The main reason for women's declining labor-force participation rates over the last four years was the weakness of the labor market. Women did not opt out of the labor force because of the kids.
The number of job losses in the retail and service sector as well as the hotel industry is very distressing and really does demonstrate the role that Sept. 11 played in increasing unemployment.
The numbers are very bad this morning.
The reality is that the overwhelming majority of women are working and they're going to be part of the labor force for a long time. While they may choose to take time off, they're doing things that women in '60s weren't doing.
We have just gone through a number of years of incredible policy changes. If we stop collecting data now, how will know what the effects of recent policy changes are
Statistically speaking, the chances of moving up (the) income distribution (curve) is less than it was a decade ago. Students with debt face real concerns with the shrinking middle marketplace.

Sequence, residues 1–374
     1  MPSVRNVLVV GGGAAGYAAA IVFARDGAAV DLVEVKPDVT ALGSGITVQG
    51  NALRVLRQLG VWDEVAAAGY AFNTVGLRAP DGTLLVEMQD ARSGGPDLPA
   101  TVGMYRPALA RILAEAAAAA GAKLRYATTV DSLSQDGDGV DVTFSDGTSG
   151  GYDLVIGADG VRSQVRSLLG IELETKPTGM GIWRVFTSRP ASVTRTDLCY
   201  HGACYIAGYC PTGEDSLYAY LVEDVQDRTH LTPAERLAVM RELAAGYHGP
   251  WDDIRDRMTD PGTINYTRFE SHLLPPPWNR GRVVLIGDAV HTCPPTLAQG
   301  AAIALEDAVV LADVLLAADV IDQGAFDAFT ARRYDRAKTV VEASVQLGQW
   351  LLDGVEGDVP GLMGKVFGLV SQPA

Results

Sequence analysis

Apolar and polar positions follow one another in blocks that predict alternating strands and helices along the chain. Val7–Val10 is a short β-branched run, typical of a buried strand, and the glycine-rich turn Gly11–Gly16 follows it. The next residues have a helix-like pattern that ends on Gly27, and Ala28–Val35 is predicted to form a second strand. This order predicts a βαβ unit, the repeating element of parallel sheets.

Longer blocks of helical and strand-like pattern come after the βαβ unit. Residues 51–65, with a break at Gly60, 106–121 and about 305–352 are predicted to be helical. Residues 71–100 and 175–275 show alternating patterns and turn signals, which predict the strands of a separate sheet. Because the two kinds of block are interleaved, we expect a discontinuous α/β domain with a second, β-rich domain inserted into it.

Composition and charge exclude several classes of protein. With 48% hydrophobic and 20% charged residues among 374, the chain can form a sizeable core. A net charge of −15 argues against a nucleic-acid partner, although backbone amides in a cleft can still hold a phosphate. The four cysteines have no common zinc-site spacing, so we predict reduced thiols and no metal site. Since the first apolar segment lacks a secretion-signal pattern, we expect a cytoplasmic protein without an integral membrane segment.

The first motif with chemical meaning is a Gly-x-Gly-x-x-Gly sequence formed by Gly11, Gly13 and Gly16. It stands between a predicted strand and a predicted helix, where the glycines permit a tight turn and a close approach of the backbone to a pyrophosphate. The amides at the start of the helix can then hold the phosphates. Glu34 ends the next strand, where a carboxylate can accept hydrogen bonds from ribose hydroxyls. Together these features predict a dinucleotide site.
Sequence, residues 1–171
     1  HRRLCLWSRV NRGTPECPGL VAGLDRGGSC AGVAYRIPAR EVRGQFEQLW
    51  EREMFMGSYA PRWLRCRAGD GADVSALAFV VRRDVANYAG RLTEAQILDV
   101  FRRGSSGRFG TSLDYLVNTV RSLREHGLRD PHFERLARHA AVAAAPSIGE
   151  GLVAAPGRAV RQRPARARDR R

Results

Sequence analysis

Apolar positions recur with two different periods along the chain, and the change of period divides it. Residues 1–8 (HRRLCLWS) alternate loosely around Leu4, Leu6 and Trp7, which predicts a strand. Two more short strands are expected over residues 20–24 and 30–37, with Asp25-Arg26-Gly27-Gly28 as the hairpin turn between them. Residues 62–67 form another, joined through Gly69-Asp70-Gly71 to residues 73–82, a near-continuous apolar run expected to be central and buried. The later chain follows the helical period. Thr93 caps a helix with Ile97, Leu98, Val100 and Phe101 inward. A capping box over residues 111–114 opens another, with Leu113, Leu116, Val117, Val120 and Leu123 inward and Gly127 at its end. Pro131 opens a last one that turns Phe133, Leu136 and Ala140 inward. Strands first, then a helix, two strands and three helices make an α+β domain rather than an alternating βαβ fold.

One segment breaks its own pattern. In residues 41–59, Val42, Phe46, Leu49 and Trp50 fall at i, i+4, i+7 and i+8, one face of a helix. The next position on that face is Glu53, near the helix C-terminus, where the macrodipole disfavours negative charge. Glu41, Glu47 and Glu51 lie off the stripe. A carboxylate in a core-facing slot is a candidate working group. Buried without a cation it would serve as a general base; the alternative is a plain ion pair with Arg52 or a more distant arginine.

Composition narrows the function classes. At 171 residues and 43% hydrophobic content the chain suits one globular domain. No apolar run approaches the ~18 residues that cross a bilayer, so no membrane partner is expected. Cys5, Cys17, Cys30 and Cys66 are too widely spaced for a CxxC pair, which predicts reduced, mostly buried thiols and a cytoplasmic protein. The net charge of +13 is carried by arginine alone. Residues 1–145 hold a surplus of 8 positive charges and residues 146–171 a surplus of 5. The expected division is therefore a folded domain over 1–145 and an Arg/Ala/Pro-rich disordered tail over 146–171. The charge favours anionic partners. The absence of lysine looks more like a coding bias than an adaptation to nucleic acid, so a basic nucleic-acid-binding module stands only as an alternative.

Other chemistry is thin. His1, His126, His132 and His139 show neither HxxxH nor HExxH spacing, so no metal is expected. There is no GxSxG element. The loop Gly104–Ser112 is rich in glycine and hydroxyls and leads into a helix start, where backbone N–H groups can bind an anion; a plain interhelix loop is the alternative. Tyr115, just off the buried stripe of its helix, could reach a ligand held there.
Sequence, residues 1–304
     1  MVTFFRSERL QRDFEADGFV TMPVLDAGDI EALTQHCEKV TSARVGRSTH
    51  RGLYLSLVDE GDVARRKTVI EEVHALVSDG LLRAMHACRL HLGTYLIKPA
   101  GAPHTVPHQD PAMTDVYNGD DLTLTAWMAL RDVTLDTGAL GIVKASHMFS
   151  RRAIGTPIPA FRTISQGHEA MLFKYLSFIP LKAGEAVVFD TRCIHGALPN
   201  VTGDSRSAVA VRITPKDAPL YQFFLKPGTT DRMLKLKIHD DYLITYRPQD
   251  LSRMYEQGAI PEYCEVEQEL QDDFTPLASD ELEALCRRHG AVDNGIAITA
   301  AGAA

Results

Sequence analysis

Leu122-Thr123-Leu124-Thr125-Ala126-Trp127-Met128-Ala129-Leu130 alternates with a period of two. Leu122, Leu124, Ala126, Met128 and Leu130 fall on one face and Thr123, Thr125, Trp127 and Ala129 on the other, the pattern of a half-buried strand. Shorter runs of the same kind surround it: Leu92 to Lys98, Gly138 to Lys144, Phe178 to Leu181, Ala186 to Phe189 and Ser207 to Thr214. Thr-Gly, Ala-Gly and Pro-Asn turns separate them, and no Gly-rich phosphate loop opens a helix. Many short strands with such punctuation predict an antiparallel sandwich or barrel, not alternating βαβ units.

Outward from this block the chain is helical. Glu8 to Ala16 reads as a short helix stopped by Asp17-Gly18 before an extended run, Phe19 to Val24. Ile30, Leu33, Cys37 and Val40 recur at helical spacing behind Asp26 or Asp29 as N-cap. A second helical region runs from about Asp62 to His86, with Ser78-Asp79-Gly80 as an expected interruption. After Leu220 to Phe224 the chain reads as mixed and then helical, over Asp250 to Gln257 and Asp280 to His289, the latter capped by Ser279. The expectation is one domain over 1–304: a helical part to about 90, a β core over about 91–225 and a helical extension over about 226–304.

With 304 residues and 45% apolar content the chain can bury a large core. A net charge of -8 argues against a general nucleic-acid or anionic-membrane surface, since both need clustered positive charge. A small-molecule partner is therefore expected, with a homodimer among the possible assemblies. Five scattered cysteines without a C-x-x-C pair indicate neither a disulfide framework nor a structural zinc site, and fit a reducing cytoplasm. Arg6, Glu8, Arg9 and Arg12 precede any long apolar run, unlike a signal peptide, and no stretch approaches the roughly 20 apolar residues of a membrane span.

The numbers that we are seeing today are consistent with those we saw in the last recession,
Given that the Census doesn't seem to have a clear plan, and given that it's taken about seven years to develop a new survey historically, I don't see that it will take only two years to develop something better than we have now.
So far, the debt payment ratio (of loan payments to income) hasn't been higher this decade than during the 1990s, but it's been partly held in check by lower interest rates. In some sense, we haven't seen the whole burden bearing down yet.